What They Don’t Tell You About Painting the Porch

November 7, 2017 by
content creation

My recently painted back porch.

My wife Suzy and I had our front and back porches rebuilt this year…after the monsoons of spring and early summer here in the Northeast. Some parts of the porches were rotting out and another got hit by one of the kids’ friends’ years ago and knocked askew.

So our carpenter used “treated lumber” to replace the old stuff. No big deal he said. The new treated lumber lasts longer and looks better. OK, that sounds great.

That is, until it came time to paint. I volunteered for the job, figuring Suzy and I would save some money. Especially since we were also anticipating the expense of getting our roof replaced.

So I asked our local paint doctor at Jay-K Lumber, Sam, for some paint. I’m thinking just a little primer and finish coat. And easy wash-up with latex paint. No big deal, I'll knock this project off quick. One or two weekends tops.

But Dr. Sam popped that dreamy bubble. As it turns out, our carpenter never told us, but painting “treated” wood takes lots of prep.

Here’s how it went…

First, all of the treated boards had to be sanded. Otherwise, they would look rough after painting. So I took an electric sander to everything, including all the spindles on the upper porch. It took a while.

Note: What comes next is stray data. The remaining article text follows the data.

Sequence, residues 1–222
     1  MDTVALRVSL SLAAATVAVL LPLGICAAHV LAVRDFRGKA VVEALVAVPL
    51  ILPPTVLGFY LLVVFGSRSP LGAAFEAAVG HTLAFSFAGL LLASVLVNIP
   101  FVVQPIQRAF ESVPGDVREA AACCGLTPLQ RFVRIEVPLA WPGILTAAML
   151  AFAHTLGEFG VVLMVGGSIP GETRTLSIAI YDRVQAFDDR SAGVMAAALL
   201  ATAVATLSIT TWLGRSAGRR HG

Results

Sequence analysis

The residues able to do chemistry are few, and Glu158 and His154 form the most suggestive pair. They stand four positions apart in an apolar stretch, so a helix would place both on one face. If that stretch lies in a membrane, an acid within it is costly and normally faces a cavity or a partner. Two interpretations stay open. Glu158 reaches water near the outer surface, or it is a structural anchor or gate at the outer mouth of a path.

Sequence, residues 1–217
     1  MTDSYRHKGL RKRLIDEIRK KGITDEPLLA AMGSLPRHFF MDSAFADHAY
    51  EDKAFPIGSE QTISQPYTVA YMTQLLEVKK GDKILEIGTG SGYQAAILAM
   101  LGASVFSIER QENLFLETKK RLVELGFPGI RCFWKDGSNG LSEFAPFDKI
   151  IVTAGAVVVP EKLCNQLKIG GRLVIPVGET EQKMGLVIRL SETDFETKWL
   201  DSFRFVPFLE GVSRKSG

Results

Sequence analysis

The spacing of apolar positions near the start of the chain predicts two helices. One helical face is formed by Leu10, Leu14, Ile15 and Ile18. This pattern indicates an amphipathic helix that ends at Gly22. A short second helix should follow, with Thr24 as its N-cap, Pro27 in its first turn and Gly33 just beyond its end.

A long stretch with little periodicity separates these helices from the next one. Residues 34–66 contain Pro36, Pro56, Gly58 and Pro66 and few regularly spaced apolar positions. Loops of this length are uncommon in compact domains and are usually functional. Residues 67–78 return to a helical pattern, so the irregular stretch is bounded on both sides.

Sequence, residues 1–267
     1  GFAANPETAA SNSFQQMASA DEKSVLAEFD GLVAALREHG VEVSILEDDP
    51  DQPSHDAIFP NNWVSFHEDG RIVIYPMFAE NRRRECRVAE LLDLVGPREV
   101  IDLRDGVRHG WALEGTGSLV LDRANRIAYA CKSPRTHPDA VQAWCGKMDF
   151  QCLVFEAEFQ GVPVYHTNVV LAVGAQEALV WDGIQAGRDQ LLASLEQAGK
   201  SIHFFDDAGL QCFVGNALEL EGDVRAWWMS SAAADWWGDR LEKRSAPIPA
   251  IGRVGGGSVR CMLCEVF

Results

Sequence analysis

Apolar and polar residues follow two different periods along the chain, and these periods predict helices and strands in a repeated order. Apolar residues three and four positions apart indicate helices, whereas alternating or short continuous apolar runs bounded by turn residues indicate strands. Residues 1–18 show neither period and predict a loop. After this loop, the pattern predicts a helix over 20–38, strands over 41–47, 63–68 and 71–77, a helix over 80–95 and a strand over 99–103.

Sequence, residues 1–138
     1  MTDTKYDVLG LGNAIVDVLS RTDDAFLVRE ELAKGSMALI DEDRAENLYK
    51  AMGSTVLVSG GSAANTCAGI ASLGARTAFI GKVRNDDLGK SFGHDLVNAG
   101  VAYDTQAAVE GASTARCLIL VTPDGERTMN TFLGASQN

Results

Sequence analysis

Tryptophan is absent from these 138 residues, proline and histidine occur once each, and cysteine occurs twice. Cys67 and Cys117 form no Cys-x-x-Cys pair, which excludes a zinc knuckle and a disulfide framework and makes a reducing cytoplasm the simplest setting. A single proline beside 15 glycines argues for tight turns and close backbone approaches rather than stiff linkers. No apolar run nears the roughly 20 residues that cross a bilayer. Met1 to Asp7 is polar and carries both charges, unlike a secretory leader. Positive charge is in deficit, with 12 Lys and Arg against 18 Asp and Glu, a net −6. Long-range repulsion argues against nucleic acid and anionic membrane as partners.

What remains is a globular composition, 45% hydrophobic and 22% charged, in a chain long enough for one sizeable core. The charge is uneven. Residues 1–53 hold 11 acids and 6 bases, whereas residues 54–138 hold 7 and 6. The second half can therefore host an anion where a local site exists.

Then, because it was treated, I had to prime it all with oil based primer, not latex. So instead of cleaning up with soap and water, I had to dump turpentine over the brush…and me.

Next fill all the nail holes with putty. I forgot about them and at first didn’t notice too many. But there must have been a sale on nails because after priming the whole thing I noticed they were everywhere.

After filling all the nail holes, THEY had to be sanded down. Fill, fill, fill, sand, sand, sand. It seemed never ending. So after all that sanding, I had to prime all the freaking filled in nail holes again!

Finally it was time to paint. However, our paint doctor, Sam, told us that treated wood demanded stain, not paint. I’d never used stain before and worried it might be too thin. Well today’s stain is thick and goes on like paint. So no problem there. But wasted time worrying.

The upshot is that I finished it ok, but on more weekends than I care to consider. If you’re counting, that job took sanding every new board, priming it all, filling in a zillion nail holes, sanding those, priming the nail holes, then, finally, staining the whole thing with the finished coat. Two coats of finished paint for the red front.

Now, if I do say so myself, it looks great! We’ve added thousands of dollars to the value of our home. And Dr. Sam says the stain will last a lot longer than regular paint.

What in Heck Does This Have To Do With Content Creation?

Preparing to paint treated wood is a lot of work. Our carpenter didn’t tell us about that.

Preparing to market with content takes a lot of thought. Your web designer may not tell you about that.

Preparation for painting with sanding, priming, and puttying leads to a beautiful, long lasting, value added finish.

Preparation for content creation with a content marketing strategy plan leads to valuable market share as people get to know, like, and trust your brand.

I can help with your content prep…click here to find out more.

(You're on your own with your porch!)

Until next time,
Nick
PS. Next post we’ll start a conversation about planning your social media marketing.

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